My organization is exploring the idea of implementing our own public key infrastructure. What are the benefits...
of having our own internal PKI -- especially in terms of costs and management?
It's quite common for large enterprises to run their own public key infrastructure (PKI), acting as an internal certificate authority (CA) and installing their own root certificate in the trust stores of all the company's devices. The main benefit of having internal PKI is that internal services can be configured to only accept certificates from the enterprise's own CA chain, in theory making it harder for hackers to impersonate genuine users. Digital certificates are a vital part of PKI security technologies like signed and encrypted email, signed documents, VPN access and SSL authentication because they provide a means to establish the ownership of an encryption key. The other benefit is that self-issued certificates are free, and that it's a solution that scales well. However, reality is somewhat different.
Microsoft Certificate Services, for example, provides all the software and programs needed to run an internal PKI, and is included with Windows enterprise servers. The root certificate can also be distributed to all domain-connected objects based on group policies. However, adding it to the trusted store of every version of every app on every machine is a lot more challenging. The certificates themselves may be free, but the resources required to securely manage internal PKI have to be factored into the overall cost. Not that many enterprises have internal IT staff who are qualified and capable of properly managing and securing a PKI in accordance with standards like CA/Browser Forum Baseline Requirements Certificate Policy for the Issuance and Management of Publicly-Trusted Certificates, or the Mozilla CA Certificate Policy.
The security and integrity of the root signing keys are critical and require physical as well as logical security controls to be deployed. The mission-critical nature of a PKI means enterprises must be able to provide a constant quality of service, and perform specialist tasks required in certificate lifecycle management and validation services, such as renewing certificates, maintaining and updating certificate revocation lists and running online certificate status protocol services.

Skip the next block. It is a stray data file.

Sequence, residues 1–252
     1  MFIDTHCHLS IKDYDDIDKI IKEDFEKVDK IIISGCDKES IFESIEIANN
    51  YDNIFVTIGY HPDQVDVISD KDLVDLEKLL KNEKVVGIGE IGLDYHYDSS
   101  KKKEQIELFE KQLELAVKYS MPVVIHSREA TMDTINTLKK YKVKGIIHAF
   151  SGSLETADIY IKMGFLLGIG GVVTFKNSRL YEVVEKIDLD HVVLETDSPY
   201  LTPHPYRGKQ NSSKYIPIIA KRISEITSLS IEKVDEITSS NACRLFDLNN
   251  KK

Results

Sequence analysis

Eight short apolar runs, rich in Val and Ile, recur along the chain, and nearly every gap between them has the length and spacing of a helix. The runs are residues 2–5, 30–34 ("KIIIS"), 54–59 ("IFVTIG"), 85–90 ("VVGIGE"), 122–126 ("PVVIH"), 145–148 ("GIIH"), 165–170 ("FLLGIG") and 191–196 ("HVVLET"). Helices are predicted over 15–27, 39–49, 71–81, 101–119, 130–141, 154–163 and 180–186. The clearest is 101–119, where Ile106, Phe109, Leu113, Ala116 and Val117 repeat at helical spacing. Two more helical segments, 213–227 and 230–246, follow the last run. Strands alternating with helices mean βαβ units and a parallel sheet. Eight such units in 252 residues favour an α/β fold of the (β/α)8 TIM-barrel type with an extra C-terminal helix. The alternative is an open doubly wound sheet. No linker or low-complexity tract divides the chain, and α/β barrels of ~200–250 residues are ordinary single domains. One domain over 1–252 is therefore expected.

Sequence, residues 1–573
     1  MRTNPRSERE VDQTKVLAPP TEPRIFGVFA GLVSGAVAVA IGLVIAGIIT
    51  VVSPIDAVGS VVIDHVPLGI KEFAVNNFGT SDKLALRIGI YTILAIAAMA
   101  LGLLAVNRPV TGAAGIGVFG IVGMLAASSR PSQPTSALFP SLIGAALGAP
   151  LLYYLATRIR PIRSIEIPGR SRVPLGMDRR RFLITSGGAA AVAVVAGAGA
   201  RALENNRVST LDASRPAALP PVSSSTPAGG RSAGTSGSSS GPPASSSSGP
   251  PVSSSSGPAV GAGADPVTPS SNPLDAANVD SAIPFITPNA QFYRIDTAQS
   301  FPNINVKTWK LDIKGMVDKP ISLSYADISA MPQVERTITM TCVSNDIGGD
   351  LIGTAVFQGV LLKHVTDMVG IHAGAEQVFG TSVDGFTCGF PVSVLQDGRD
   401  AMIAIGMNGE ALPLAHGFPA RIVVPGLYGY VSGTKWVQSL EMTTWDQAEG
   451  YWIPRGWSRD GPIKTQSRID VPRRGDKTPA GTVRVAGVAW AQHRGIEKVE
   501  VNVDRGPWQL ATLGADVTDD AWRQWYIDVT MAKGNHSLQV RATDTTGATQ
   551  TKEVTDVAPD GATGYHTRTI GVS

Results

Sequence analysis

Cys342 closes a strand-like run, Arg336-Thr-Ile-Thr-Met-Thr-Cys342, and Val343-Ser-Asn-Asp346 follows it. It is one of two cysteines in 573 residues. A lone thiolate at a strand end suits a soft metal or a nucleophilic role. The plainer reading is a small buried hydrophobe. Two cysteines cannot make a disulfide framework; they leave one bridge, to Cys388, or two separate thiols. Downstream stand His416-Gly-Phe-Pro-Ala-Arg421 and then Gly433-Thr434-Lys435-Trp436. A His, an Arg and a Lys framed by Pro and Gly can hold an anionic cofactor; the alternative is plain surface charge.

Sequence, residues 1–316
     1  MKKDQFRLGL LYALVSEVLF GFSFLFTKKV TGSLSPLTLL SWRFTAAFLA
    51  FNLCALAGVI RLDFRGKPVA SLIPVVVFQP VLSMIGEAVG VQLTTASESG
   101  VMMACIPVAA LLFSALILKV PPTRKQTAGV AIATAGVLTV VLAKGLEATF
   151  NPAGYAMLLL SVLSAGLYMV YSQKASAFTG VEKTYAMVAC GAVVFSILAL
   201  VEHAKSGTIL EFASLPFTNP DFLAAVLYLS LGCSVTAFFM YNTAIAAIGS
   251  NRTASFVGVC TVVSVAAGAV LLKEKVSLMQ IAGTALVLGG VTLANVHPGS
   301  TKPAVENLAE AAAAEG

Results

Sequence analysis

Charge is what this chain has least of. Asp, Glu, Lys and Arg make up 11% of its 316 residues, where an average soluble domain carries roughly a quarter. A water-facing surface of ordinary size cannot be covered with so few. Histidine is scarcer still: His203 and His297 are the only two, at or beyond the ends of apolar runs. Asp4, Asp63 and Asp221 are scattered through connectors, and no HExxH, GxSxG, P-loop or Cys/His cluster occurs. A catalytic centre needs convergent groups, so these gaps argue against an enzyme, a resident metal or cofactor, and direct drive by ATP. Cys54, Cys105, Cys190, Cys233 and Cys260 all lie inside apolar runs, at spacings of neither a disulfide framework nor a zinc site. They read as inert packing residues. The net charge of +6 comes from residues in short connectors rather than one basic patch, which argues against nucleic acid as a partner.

Before deciding to implement internal PKI, carefully weigh the costs of the necessary hardware, staff and infrastructure against the costs of outsourcing. An in-house CA is only really useful for internal corporate use, as its certificates won't be trusted by devices and services outside of the organization. Internet-facing servers will still need a certificate from a publicly recognized CA. Most public CAs specializing in outsourcing now offer Active Directory integration and cost-effective certificate options for internal purposes, eliminating the hassle of managing an internal CA, while offering technical expertise and the latest in security technologies.
Ask the Expert: Want to ask Michael Cobb a question about application security? Submit your questions now via email. (All questions are anonymous.)
Find out how to address challenges in AWS Active Directory integration
Read about the fragmentation of common PKI approaches
Learn if the eDellRoot certificate vulnerability points to a larger problem
Dig Deeper on PKI and digital certificates
Related Q&A from Michael Cobb
Explore the differences between symmetric vs. asymmetric encryption algorithms, including common uses and examples of both, as well as their pros and... Continue Reading
WhatsApp vulnerabilities can enable hackers to bypass end-to-end encryption and spoof messages. Expert Michael Cobb explains how these attacks work ... Continue Reading
Disabling Google location tracking involves more than turning off Location History. Learn how to manage your account settings to stop tracking ... Continue Reading
Have a question for an expert?
Please add a title for your question
Get answers from a TechTarget expert on whatever's puzzling you.